Chase talks to The Next Web about what it’s like to be YC’s first non-profit.
"A startup accelerator backing a non-profit can be compared to the unlikely scenario of a tiger raising a bunny."
Last month, an awesome underground tech/design magazine called Offscreen Magazine pledged 50% of its profits to Watsi.
The results are in, and in less than a month, Offscreen and its customers raised $2000 to fully fund medical care for Abezash, Ngaikiinyi, Ruth, and Ponleu. Everyone will get post-treatment updates on the patients they supported via Offscreen.
It’s amazing to come across a company that’s not only creating an awesome product, but also interested in leverage its network to expand its impact on the world.
More than 2 years since we first imagined a global crowdfunding platform for healthcare, we pitched Watsi to a room full of the biggest investors in the world at Y Combinator’s Demo Day.
Now we’re off to raise the operational funding we need to make Watsi a massive force for change in the world. Wish us luck!
Lavender’s mother, Alice, had the cost of her pre-natal care, hospital delivery, and post-natal checkup covered by 7 donors on Watsi.
Alice told a team member at Lwala, “When you deliver in the hospital, you feel free because you are in the hands of clinic staff. You feel safe.”
Access to maternal healthcare changes lives.
"I’m aware of the huge need for simple and cost-effective medical care in other parts of the world."
When they said it was boot camp for startups.
In January, Jesse, Grace, and I quit our jobs to bring Watsi to Y Combinator, a three-month startup accelerator program in Silicon Valley.
We’ve been living, working, and stealing wifi from coffee shops together, all in preparation for “Demo Day” next week, when we’ll have 2.5 minutes to convince an audience of the world’s top investors that Watsi is the next big thing.
Because of your support, Watsi is one of the fastest growing non-profits in history. But I’d be lying if I said I wasn’t nervous to pitch our tiny startup to the titans of Silicon Valley.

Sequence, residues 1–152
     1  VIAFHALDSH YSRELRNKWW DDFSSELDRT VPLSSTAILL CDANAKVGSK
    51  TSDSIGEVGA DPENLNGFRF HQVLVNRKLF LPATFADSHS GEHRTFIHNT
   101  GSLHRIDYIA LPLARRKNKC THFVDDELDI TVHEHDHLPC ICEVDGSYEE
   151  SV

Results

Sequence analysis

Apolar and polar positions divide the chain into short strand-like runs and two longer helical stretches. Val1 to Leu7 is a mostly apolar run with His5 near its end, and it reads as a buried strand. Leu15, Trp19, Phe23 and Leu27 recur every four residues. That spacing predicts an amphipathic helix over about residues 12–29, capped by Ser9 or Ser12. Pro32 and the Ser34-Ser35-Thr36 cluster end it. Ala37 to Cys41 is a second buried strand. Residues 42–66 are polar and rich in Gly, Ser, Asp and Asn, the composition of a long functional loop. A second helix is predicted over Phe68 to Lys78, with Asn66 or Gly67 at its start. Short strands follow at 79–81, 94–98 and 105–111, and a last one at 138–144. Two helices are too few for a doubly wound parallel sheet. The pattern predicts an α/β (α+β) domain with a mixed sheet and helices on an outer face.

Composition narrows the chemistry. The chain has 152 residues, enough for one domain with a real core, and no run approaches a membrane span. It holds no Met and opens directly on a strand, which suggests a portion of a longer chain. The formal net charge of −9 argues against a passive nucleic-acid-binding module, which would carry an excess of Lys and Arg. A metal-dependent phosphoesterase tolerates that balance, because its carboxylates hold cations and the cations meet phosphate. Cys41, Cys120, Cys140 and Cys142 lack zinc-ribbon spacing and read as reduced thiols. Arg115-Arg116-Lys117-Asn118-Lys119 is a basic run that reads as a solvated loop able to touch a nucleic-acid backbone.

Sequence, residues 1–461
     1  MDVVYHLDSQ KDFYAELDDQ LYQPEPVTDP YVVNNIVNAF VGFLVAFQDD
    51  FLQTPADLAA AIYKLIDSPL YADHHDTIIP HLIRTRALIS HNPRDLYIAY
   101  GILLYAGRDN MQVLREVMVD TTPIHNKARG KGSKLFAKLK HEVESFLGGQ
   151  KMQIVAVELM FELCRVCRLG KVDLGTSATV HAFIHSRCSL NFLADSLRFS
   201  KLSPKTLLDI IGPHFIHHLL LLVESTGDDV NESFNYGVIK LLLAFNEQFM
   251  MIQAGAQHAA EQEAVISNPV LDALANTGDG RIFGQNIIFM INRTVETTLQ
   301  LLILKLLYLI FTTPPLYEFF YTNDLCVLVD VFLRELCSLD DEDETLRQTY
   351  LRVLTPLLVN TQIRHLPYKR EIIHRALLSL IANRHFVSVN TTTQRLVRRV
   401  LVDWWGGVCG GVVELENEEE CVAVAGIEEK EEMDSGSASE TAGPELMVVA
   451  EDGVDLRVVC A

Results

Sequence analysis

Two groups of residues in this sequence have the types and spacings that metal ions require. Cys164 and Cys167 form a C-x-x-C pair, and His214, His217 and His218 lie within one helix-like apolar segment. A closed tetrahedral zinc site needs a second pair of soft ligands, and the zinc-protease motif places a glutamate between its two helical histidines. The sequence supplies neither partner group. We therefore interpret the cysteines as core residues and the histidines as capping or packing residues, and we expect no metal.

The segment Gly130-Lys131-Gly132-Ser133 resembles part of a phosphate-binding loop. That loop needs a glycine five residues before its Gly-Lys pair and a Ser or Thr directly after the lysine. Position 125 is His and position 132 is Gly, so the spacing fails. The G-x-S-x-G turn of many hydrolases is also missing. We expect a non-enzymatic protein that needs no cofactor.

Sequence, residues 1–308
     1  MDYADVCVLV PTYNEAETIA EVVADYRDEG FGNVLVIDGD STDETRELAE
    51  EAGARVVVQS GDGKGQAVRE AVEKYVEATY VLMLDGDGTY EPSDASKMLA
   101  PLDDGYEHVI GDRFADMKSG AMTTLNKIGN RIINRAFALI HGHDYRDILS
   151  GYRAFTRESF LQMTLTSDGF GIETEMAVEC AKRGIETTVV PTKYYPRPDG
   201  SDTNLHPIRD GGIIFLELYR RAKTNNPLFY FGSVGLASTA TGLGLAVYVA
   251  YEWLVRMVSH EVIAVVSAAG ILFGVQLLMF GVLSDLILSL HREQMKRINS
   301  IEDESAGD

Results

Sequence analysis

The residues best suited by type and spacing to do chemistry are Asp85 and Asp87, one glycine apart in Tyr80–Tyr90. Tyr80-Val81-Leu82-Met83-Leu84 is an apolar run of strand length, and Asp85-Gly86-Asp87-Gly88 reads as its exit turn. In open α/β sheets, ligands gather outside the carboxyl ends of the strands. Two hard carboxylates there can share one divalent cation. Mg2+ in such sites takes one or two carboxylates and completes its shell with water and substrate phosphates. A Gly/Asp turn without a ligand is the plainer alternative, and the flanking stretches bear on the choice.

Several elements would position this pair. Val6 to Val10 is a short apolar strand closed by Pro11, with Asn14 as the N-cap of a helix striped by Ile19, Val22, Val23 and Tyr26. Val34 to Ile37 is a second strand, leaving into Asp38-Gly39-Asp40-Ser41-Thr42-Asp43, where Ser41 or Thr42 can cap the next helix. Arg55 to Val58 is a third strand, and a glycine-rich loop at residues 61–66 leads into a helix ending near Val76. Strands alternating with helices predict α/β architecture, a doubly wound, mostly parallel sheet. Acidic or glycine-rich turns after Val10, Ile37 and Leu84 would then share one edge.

All eyes are on us, and if there’s ever been a time to tell a friend about Watsi or donate a few dollars of your own, it’s right now.
I’m emptying my piggybank as I type ;)
Vuthai, the 18-year-old monk in Cambodia whose medical treatment was funded by donors on Watsi, received surgery to remove a lump from his neck so he can continue school.
On her 5th birthday, she handed out donations to Pemphero, a 2-year-old girl in Malawi, as party favors.
"I never forgot what it was like to live with impossible decisions like whether to buy food or medicine"
I’m Charlotte. I’m 35 years old, a teacher and a mother of four, living in North Carolina. I discovered Watsi from my team message board on Kiva, where micro-lenders were discussing an amazing new nonprofit that directly funds medical treatment for needy people around the world. And you know what? I couldn’t wait to get involved.
I grew up in America, but it wasn’t the shining metropolis or the idyllic rural setting that often characterizes this country. It was a poor urban community where kids regularly went to the community center for free lunch and medical care was often delayed so that groceries could be put on the table. From this difficult setting many hands lifted me from poverty, but I never forgot what it was like to live with impossible decisions like whether to buy food or medicine or invest in education.
Now I support Watsi so that others do not have to make these heart-breaking choices. Everyone deserves a hand up, so that they can feel whole in body and spirit and begin to help themselves. Will you join me in lending a hand, helping a person with a life-altering medical condition? You can literally change a life by investing only a few dollars. If I can do it, you can too!
This is a guest post by Charlotte, a Watsi donor, teacher, and mother of four. We’d love to share your story - email it to email@example.com and we’ll post it here!
As global citizens of the 21st century, we’re part of a community that’s been remarkably catalyzed by women.
And yet, of the 1.2 billion people living in extreme poverty worldwide, 70% are women.
Today is International Women’s Day, and we’re excited to announce our first ever maternal health program to crowdfund safe deliveries for expectant mothers in partnership with Lwala Community Alliance in Kenya.
Meet the new women of Watsi.org!